Bayern Munich-Schalke preview

It’s a battle between two of the four sides still in the hunt for the title this Sunday, as Schalke travel to the Allianz Arena to take on Bayern Munich. Both sides were in action during the week, with Schalke overcoming Viktoria Plzeň after extra-time to reach the next round of the Europa League, and Bayern continuing their poor run of recent form by losing 1-0 away at Basel in the Champions League.

Compounded by a run of two wins in their last five league games, the Bavarian side have looked bereft of drive and determination in recent weeks, with last Sunday’s 0-0 draw at Freiburg being a particularly listless showing. Question marks remain over the form and best use of Arjen Robben and Thomas Müller, among others, while players such as Rafinha – who, like Manuel Neuer, is a former Schalke player – have looked out of their depth in recent weeks. Having said that, Schalke remain the underdogs for this clash, as Bayern still arguably boast the best first XI in the Bundesliga, and Mario Gómez is joint top goalscorer in the league – the number one spot being shared with Klaas-Jan Huntelaar, who will be hoping to fire Schalke to their first Bundesliga victory in Munich since the 2008/09 season.
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Schalke 4-0 Nuremberg

The first half formations.

Well-organised and clinical Schalke caught an error-strewn and lethargic Nuremberg side cold on four occasions to take all three points and move up to third in the table. The visitors, admittedly injury-hit in the striking department, looked shorn of confidence and unsure as to what was required of them tactically for the majority of the match. These problems, coupled with several out-of-form defenders, meant that Huub Stevens’ counter-attacking style worked perfectly: His side’s performance really was a masterclass in how to capitalise on your opponent’s weaknesses. Selection wise, the Dutchman got it spot on too – picking the creative but often work-shy Alexander Baumjohann, for instance, was a bold move. But, it paid off, as the right-sided midfielder played a blinder and the home side took all three points; leaving Nuremberg – without a win in eight – looking over their collective shoulder.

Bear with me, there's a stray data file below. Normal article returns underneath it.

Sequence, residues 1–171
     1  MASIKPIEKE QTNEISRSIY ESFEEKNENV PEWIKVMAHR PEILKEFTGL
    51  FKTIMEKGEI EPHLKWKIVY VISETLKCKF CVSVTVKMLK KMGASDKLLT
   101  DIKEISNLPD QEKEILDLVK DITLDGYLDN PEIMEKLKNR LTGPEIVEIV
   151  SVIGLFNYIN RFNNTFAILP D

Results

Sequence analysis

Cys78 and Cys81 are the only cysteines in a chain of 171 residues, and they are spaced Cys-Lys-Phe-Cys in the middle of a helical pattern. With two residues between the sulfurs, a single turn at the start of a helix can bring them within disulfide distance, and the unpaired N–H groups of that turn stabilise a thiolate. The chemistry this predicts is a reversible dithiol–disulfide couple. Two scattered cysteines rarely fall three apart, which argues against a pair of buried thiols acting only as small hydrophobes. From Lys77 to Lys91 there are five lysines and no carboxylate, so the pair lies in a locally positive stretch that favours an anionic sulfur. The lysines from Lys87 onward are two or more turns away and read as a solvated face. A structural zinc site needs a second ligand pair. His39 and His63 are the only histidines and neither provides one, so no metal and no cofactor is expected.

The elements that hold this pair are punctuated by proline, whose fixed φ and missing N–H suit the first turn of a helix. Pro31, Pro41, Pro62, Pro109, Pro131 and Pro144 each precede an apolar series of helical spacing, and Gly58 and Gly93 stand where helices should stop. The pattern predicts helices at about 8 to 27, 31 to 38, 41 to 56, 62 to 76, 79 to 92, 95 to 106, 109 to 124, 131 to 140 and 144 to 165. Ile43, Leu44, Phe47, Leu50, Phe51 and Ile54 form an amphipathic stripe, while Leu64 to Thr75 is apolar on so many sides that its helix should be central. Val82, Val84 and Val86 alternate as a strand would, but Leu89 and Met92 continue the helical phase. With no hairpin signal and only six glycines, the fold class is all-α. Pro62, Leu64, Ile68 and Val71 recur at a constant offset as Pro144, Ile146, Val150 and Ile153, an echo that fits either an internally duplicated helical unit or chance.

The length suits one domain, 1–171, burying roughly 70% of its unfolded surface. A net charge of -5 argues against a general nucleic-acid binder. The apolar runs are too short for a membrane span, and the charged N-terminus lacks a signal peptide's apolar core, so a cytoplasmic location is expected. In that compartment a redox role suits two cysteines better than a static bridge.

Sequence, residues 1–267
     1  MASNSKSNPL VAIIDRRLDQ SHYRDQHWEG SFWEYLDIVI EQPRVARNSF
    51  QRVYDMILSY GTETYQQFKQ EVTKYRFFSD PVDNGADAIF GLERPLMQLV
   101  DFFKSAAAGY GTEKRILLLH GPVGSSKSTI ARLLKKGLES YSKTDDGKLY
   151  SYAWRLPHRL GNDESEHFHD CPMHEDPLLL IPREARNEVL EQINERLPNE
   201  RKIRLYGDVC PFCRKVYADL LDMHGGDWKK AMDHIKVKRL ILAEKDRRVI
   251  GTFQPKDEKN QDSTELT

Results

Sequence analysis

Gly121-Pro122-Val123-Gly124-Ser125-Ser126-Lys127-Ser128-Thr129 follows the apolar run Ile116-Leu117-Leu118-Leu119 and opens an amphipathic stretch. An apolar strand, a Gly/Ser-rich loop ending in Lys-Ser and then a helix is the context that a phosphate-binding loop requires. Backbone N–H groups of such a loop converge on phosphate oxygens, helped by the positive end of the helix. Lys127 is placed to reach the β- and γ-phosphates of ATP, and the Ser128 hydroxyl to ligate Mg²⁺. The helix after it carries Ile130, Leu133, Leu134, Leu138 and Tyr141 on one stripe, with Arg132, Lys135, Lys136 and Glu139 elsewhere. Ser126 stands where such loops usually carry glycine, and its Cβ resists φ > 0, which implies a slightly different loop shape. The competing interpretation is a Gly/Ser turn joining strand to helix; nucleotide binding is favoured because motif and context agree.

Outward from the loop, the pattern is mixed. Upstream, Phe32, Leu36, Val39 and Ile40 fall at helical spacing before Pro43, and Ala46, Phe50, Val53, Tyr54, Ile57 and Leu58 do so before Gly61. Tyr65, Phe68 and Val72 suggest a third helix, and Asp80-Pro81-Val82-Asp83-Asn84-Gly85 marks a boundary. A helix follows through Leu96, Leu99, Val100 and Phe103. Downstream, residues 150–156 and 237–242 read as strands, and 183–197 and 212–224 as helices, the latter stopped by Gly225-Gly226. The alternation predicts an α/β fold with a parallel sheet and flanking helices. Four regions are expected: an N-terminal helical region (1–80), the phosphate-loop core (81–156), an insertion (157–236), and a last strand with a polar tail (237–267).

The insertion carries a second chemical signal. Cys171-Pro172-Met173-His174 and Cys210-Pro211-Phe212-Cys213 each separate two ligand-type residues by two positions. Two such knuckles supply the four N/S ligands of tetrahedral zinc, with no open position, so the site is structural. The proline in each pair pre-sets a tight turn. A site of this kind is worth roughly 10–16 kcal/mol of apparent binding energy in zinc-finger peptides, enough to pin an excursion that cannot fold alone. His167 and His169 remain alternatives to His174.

Match preview here.

Both sides made bright starts to the match, with no nerves apparent, and several little give-and-go moves attempted. However, the two best chances in the opening stages were as a result of more direct tactics – first Mike Frantz chasing a long punt upfield but seeing his shot on the spin blocked, before Kyriakos Papadopoulos headed over at the other end after a hanging cross from the right. With both his first-choice strikers missing and Christian Eigler deployed on the right wing, several of Dieter Hecking’s attacking-midfielders seemed to be taking it in turns to lead the line in a 4-4-2 early on. With the hosts seeing more of the ball in the match’s first ten minutes, Nuremberg switched between lightening-quick carry-the-ball counter-attacks upfield, and some side-to-side-and-going-nowhere-but-forcing-the-opposition-back melina. Continue reading